Is Quebecor (TSE:QBR.B) Using Too Much Debt?

Warren Buffett famously said, ‘Volatility is far from synonymous with risk.’ So it might be obvious that you need to consider debt, when you think about how risky any given stock is, because too much debt can sink a company. We can see that Quebecor Inc. (TSE:QBR.B) does use debt in its business. But the real question is whether this debt is making the company risky.

Why Does Debt Bring Risk?

Debt and other liabilities become risky for a business when it cannot easily fulfill those obligations, either with free cash flow or by raising capital at an attractive price. In the worst case scenario, a company can go bankrupt if it cannot pay its creditors. However, a more usual (but still expensive) situation is where a company must dilute shareholders at a cheap share price simply to get debt under control. Having said that, the most common situation is where a company manages its debt reasonably well – and to its own advantage. The first step when considering a company’s debt levels is to consider its cash and debt together.

See our latest analysis for Quebecor

What Is Quebecor’s Debt?

As you can see below, Quebecor had CA$6.45b of debt at June 2019, down from CA$6.93b a year prior. And it doesn’t have much cash, so its net debt is about the same.

TSX:QBR.B Historical Debt, August 12th 2019
TSX:QBR.B Historical Debt, August 12th 2019

How Strong Is Quebecor’s Balance Sheet?

According to the last reported balance sheet, Quebecor had liabilities of CA$1.28b due within 12 months, and liabilities of CA$7.56b due beyond 12 months. Offsetting this, it had CA$17.2m in cash and CA$708.7m in receivables that were due within 12 months. So its liabilities total CA$8.11b more than the combination of its cash and short-term receivables.

When you consider that this deficiency exceeds the company’s CA$7.74b market capitalization, you might well be inclined to review the balance sheet, just like one might study a new partner’s social media. In the scenario where the company had to clean up its balance sheet quickly, it seems likely shareholders would suffer extensive dilution.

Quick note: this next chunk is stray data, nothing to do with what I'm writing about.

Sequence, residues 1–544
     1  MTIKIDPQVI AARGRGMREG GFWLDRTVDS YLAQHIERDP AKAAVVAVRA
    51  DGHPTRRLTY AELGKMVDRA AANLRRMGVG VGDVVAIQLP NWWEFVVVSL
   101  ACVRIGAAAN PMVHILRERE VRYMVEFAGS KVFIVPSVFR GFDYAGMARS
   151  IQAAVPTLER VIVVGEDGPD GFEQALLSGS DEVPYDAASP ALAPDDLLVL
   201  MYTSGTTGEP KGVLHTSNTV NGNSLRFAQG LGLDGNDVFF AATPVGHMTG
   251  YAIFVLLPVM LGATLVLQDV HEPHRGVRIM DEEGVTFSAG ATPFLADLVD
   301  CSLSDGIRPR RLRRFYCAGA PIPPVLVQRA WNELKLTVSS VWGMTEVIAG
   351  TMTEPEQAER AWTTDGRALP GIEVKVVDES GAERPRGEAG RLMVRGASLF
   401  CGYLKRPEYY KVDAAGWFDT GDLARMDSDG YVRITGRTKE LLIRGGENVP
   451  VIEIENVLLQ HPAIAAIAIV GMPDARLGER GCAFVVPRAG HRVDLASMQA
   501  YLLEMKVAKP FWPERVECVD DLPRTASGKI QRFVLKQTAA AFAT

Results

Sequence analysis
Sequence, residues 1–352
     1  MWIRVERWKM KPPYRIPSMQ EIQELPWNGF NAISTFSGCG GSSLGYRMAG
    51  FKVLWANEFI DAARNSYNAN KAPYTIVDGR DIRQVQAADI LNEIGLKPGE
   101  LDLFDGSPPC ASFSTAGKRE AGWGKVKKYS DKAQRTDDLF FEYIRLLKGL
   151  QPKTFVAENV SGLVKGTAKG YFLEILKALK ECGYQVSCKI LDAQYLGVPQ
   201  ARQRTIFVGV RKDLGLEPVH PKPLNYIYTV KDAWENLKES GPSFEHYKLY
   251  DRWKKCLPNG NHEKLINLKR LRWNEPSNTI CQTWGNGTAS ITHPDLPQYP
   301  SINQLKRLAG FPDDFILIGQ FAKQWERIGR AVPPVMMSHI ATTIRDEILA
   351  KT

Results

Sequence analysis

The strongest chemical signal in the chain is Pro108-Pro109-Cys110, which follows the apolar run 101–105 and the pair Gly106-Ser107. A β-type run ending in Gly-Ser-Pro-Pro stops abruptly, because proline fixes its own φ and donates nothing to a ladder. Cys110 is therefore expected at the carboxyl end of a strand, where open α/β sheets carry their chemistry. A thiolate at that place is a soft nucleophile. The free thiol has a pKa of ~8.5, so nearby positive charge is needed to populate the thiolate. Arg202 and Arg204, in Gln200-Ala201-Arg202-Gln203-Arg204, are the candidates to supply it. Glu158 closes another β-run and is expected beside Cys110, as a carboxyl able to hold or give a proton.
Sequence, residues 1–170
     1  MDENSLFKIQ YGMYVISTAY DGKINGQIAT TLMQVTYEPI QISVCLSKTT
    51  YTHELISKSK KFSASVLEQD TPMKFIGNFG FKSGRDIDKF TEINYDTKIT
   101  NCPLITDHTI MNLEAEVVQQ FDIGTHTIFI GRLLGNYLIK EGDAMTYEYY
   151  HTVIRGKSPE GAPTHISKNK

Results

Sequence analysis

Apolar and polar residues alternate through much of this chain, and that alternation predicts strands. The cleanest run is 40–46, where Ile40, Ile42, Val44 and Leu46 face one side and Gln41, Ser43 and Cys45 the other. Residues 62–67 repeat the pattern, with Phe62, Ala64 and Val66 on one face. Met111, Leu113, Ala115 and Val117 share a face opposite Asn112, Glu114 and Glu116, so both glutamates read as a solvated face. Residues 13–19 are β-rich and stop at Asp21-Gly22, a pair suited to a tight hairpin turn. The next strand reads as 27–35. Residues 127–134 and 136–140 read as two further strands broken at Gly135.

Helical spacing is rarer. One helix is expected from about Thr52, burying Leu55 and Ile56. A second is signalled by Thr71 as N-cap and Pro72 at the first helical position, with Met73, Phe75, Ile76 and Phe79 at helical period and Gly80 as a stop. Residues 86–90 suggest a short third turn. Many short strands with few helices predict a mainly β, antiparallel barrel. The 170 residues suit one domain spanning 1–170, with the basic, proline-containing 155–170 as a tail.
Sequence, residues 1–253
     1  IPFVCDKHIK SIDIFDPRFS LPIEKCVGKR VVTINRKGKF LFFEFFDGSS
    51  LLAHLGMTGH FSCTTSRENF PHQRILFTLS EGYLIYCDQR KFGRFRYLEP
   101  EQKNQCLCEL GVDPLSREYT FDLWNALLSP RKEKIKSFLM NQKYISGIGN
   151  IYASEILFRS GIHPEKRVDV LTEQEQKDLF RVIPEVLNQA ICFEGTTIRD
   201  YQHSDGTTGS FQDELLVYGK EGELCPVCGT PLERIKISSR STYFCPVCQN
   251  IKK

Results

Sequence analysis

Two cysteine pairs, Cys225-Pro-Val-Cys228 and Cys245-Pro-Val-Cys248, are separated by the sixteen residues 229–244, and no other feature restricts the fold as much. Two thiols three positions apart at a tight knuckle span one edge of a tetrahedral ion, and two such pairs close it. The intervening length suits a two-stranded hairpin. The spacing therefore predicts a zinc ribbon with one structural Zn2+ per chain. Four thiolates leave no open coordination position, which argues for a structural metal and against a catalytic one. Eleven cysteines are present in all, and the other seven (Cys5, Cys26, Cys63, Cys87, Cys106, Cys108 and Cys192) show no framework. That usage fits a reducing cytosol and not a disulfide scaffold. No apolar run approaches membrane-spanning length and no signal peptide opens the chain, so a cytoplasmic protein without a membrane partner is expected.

We measure a company’s debt load relative to its earnings power by looking at its net debt divided by its earnings before interest, tax, depreciation, and amortization (EBITDA) and by calculating how easily its earnings before interest and tax (EBIT) cover its interest expense (interest cover). Thus we consider debt relative to earnings both with and without depreciation and amortization expenses.

Quebecor has a debt to EBITDA ratio of 3.9 and its EBIT covered its interest expense 3.2 times. Taken together this implies that, while we wouldn’t want to see debt levels rise, we think it can handle its current leverage. However, one redeeming factor is that Quebecor grew its EBIT at 10% over the last 12 months, boosting its ability to handle its debt. The balance sheet is clearly the area to focus on when you are analysing debt. But it is future earnings, more than anything, that will determine Quebecor’s ability to maintain a healthy balance sheet going forward. So if you want to see what the professionals think, you might find this free report on analyst profit forecasts to be interesting.

Finally, while the tax-man may adore accounting profits, lenders only accept cold hard cash. So we clearly need to look at whether that EBIT is leading to corresponding free cash flow. During the last three years, Quebecor produced sturdy free cash flow equating to 63% of its EBIT, about what we’d expect. This cold hard cash means it can reduce its debt when it wants to.

Our View

While Quebecor’s interest cover makes us cautious about it, its track record of staying on top of its total liabilities is no better. But its not so bad at converting EBIT to free cash flow. Taking the abovementioned factors together we do think Quebecor’s debt poses some risks to the business. While that debt can boost returns, we think the company has enough leverage now. Given our hesitation about the stock, it would be good to know if Quebecor insiders have sold any shares recently. You click here to find out if insiders have sold recently.

When all is said and done, sometimes its easier to focus on companies that don’t even need debt. Readers can access a list of growth stocks with zero net debt 100% free, right now.

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If you spot an error that warrants correction, please contact the editor at editorial-team@simplywallst.com. This article by Simply Wall St is general in nature. It does not constitute a recommendation to buy or sell any stock, and does not take account of your objectives, or your financial situation. Simply Wall St has no position in the stocks mentioned. Thank you for reading.